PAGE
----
The ENL Consortium, operators of Terminals C and D, Lagos Port Complex, Apapa has entered into strategic partnership with a Chinese logistics, Sinoma Cargo International, to evacuate cargo from the port using barges.
The consortium’s Executive Vice Chairman, Vicky Hasstrup, disclosed this at the China-Nigeria Core Liner Conference in Lagos.
Hasstrup said in a statement signed on Monday by the spokesman of ENL Consortium, Bolaji Akinola, that the partnership also incorporated Josephdam Port Services and Lianyungang Port of China.
She said the cargo throughput of Lianyungang port is 210 million ton per year while its container throughput is 5 million Twenty-Foot Equivalent Unit (TEU) per year.
Hasstrup said the existing poor transport infrastructure in Nigeria is affecting the economic performance and competitiveness of the port.
She said the partnership became imperative given the persistent gridlock on the port access roads in Apapa.
Hasstrup said the partnership would help promote mutual cooperation and exchange between Liayungang and the Lagos ports.
”We have been to Lianyungang Port at the invitation of Sinoma, and there, we signed a friendship agreement sometimes in July. They also expressed their willingness to come to Nigerian port to see what ENL and other ports look like.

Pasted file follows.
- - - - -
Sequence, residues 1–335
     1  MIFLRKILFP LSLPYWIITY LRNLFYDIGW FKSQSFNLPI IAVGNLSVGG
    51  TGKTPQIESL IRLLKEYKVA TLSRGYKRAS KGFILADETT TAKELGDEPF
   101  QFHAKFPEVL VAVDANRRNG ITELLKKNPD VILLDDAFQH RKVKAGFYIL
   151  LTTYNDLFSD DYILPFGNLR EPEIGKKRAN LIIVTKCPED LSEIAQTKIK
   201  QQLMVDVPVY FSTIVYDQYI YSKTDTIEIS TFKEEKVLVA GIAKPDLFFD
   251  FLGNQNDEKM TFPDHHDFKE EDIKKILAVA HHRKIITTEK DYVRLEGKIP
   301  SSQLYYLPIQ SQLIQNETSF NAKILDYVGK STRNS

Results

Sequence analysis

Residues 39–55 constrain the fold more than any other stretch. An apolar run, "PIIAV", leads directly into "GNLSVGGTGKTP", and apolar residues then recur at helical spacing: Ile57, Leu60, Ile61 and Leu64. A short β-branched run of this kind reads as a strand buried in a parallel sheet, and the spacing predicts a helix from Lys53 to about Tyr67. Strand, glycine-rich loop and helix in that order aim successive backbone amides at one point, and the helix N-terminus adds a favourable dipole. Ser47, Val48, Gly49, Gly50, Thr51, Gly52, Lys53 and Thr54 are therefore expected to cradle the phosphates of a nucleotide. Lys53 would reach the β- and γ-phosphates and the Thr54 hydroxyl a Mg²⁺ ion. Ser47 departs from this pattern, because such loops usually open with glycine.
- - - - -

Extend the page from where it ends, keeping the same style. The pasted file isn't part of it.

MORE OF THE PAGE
“This conference was organised to brainstorm on how to have a better operational logistics which is Sinoma’s core duty.
“We know what it is getting in and out of Apapa and discharging of cargo because of the present traffic situation in Apapa and its environs.
“So this afforded us the opportunity to brainstorm on what else can be done under a Public Private Partnership (PPP) arrangement other than road since their core business is logistics.
“Sinoma has told us they would want to bring barges that can evacuate cargo at the seaside in large volume. The barges are the types that we have not seen in Nigeria that can take several hundreds of tons of cargo at once.”
She stressed the need for the deployment of intermodal means of transportation at the port, noting that continuous reliance on the road is no longer feasible.
“There has to be investments in other modes of transportation other than road because already the roads are undergoing a lot of pressure because the roads in Nigeria are not built to withstand the kind of pressure that they are subjected to,” she said.
Hasstrup assured stakeholders that terminal operators in the country would continue to provide efficient port services that conform to global standards.